A film shows the essential role of Pius XII in Rome in 1943

Source: FSSPX News

On the evening of April 9, in Castel Gandolfo, Benedict XVI attended the first screening  of the film on Pius XII entitled Sotto il cielo di Roma (Beneath the Roman sky), “which depicts the essential role played by Pius XII in protecting Rome and many persecuted people between 1943 and 1944”.  This sort of artwork, the Pope declared, has “particular value especially for the younger generations.  Films like this one can be useful and stimulating and can help someone who has studied certain events in school, or perhaps has heard of them, to become acquainted with a period that is not so distant in time, even though the never-ending stream of events in recent history and a fragmented culture may cause some to forget them.”

At the end of the screening, the Holy Father underscored the essential role of Pius XII, “the pope who, like a father for all, presided in charity in Rome and in the world, particularly during the difficult period of the Second World War”.  Pius XII, “the pope of our youth…, knew how to speak to the people of his time, showing the way of truth by his teaching,” Benedict XVI added, speaking to members of the Secretariat of State and representatives from the Italian television network RAI, which produced the film.  In conclusion he called Pope Pius XII a “great master of faith, hope and charity” and noted that “with great wisdom he was able to orient the Church toward the horizon of the third millennium.”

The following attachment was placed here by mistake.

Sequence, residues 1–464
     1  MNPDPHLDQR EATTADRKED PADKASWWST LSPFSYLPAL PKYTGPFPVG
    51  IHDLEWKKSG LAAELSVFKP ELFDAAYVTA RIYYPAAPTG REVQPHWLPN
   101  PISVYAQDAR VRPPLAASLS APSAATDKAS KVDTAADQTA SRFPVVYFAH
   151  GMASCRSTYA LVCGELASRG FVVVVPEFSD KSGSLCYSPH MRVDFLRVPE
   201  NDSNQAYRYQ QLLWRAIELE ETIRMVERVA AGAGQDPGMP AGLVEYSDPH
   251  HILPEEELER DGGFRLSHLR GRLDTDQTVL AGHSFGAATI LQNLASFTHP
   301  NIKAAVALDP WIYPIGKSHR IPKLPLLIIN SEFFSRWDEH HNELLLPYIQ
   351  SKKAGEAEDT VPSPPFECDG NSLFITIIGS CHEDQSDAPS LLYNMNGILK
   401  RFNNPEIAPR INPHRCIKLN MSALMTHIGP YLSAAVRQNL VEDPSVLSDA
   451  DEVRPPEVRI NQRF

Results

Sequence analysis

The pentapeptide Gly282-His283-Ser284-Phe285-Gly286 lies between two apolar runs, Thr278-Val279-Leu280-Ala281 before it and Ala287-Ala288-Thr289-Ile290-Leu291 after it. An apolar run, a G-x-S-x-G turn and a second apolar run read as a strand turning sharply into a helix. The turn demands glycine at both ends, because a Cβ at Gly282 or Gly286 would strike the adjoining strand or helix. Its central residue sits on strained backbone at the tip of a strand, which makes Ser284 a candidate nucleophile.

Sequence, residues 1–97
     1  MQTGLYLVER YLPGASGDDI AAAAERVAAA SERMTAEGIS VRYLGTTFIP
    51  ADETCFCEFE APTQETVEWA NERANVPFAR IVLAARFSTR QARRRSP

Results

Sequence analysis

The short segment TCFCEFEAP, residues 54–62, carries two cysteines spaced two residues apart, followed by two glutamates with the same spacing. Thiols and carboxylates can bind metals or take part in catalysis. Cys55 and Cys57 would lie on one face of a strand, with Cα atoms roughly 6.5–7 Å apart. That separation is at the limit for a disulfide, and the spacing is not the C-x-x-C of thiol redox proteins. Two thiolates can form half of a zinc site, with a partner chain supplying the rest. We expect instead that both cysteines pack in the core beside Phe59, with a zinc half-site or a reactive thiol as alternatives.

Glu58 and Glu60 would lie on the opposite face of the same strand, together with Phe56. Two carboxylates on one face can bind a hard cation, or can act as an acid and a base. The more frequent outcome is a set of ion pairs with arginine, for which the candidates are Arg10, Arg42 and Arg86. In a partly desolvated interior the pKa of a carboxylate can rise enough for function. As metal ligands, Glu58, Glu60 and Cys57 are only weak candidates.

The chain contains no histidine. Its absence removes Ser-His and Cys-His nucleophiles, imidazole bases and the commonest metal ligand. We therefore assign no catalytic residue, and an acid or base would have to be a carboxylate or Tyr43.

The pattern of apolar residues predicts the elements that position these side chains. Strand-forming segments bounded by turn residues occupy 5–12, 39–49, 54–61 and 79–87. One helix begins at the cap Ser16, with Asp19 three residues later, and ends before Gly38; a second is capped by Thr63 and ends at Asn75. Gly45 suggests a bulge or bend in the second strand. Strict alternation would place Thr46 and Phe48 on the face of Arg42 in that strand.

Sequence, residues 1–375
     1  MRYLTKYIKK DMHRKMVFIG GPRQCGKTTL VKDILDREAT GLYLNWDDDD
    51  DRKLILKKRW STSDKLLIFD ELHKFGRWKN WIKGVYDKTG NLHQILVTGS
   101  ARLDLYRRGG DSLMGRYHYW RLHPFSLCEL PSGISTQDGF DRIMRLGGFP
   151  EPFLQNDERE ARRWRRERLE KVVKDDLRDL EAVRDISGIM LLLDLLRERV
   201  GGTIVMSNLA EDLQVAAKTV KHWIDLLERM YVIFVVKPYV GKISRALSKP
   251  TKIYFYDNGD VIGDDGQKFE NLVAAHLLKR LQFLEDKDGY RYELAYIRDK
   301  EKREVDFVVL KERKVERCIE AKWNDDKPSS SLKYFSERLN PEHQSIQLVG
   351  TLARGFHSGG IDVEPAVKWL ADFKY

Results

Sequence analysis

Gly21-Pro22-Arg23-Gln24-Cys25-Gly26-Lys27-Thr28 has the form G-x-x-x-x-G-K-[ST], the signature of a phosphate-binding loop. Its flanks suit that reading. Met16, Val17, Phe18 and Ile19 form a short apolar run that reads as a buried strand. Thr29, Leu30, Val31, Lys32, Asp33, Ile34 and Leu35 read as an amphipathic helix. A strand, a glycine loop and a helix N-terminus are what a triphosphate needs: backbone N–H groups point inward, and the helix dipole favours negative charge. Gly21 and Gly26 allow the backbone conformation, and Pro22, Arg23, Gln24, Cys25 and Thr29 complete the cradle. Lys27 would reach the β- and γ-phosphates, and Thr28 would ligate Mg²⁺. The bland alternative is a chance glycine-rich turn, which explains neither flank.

Released in Italy, Sotto il cielo di Roma takes place in Rome during World War II, under the Nazi occupation, when 10,000 Jews had taken refuge in the churches and convents of Rome, after the 1943 round-up in the ghetto of the Italian capital.

On March 25 the Vatican announced the online publication of official documents dating back to World War II, during the pontificate of Pius XII (1939-1958).  Thus thousands of pages are now available at the official website, www.vatican.va, for the express purpose of contributing to “research and information on the history and activities of the Holy See”, since the position of the pope at that time is the subject of controversy.  A note from the Press Office of the Holy See translated into six languages explains that “these texts represent a documentary resource of inestimable value that is now at the disposal of scholars and all interested persons, free of charge.  It is a great contribution to research and information on the history and activities of the Holy See.”

Accessible until now in printed form, these thousands of documents in Latin, French or Italian can now be found on the website of the Holy See in the “Resource Library” section; they can also be accessed from the homepage of the website under the heading of Acta Sanctae Sedis.  Furthermore the Vatican website recommends the 12 volumes of the Actes et documents du Saint-Siège relatifs à la Seconde Guerre mondiale [Acts and documents of the Holy See relating to the Second World War], which were collected from the secret Vatican archives and edited by four Jesuits:  Fathers Pierre Blet, Angelo Martini, Robert Graham and Burkhart Schneider at the request of Paul VI (1963-1978).  The volumes had been published serially between 1965 and 1981.

The decision to post these materials on the Internet, which was deliberately publicized by the Vatican, occurs at a time when some Jewish leaders are continuing to demand that the Holy See open its archives from the period of the pontificate of Pius XII, after the decision of Benedict XVI last December to allow the beatification of his predecessor to advance by acknowledging his “heroic virtues”.  (Sources : apic/imedia/VIS vatican.va - DICI no. 216 dated June 5, 2010)